If you’ve been to Ipswich recently you may have noticed a joyous collection of pig sculptures dotted about the town. If you haven’t, and you’re feeling left out, just stroll down to your local library and borrow this latest witty board book from Axel Scheffler. It’s a perfect piece of poetry, written in an A-B-A-B rhyme scheme. Axel Scheffler is such a talented illustrator he makes his pig look worried, cross or blissfully happy with just a few on his snout and a dot for an eye. But be warned, the book has a sound button which should never be pressed in an open-plan office.
Following a fall, Ivy and Seb’s grandmother is rushed to hospital, where a bracelet has to be cut from her broken arm; that little snip unleashes some frightening characters from a parallel universe. But as the children discover, it is the parallel universe from which their grandmother came and the rules are different there. If you like Harry Potter books, you should enjoy The Crooked Sixpence with its subterranean London, in fact you might imagine you have walked into a parallel Diagon Alley. It’s a fast-paced, substantial and exciting adventure, perfect for holiday reading. And if it hooks you in, you’ll be pleased to know that it’s the first of a new fantasy series called The Uncommoners.
This warm, humorous novel about 10 year Erica who finds an elephant on the doorstep of her small terrace house, is charmingly old-fashioned. Illustrated throughout this would make a great quick read for the last week of term.
Already longlisted for The Guardian Children’s Fiction Prize, this is a brilliant story about an enterprising boy who saves his family’s café and their Italian heritage. Just like the author’s first book, Cowgirl, it’s set in South Wales and is a super read.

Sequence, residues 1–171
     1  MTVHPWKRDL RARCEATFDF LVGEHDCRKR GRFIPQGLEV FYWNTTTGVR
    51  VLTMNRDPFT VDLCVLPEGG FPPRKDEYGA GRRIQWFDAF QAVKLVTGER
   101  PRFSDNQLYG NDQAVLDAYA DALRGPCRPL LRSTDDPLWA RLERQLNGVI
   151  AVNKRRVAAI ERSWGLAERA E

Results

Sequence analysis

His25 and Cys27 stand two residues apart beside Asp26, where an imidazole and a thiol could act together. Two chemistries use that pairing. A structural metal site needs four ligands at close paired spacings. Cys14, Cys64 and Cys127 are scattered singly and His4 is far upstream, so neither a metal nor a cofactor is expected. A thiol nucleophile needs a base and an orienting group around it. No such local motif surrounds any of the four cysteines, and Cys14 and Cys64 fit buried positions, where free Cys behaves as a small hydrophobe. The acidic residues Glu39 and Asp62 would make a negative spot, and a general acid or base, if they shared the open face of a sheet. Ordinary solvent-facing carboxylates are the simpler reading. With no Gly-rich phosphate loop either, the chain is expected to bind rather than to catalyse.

With a front cover slogan “Save the world? I can’t even get picked for football”, this hilarious spoof is a laugh-aloud read. Written by the award winning author of My brother is a super-hero, it includes a link to a My Brother is a super-hero game from the App Store. If you now regret booking a holiday in the UK before consulting a weather forecast, take this book to cheer yourselves up. Almost 300 pages should keep a family going through several days of torrential rain.
Hooked from the very first sentence. Wow.
An exquisite illustrated re-telling of the migratory patterns of the Godwit. It’s a beautiful book, and with so many Godwits visiting the Suffolk coast, it’s a most appropriate addition to our stock of non-fiction books for children. Gorgeous.
If your KS2 child knows more than you about modal verbs, countable nouns and the past perfect continuous, this accessible comprehensive guide could help you keep up him or her.
Well captioned children’s books filled with stunning photographs of tractors, are like hen’s teeth. This title, from QED’s My little book series, and is pretty near perfect.
Minecraft tips and strategies, disguised as a Masonic handbook. Pocket–sized for a long flight or car journey?
“With over 70 flaps to lift”, this simple history book is published as a board book, but aimed at children in Y2 & KS2. It’s filled with fascinating well captioned little pictures to pore over and enjoy.
I don’t understand a word of this graphic joke book, but then I’m not a teenage boy and don’t spend hours watching Youtube. If you are and you do, please borrow this book.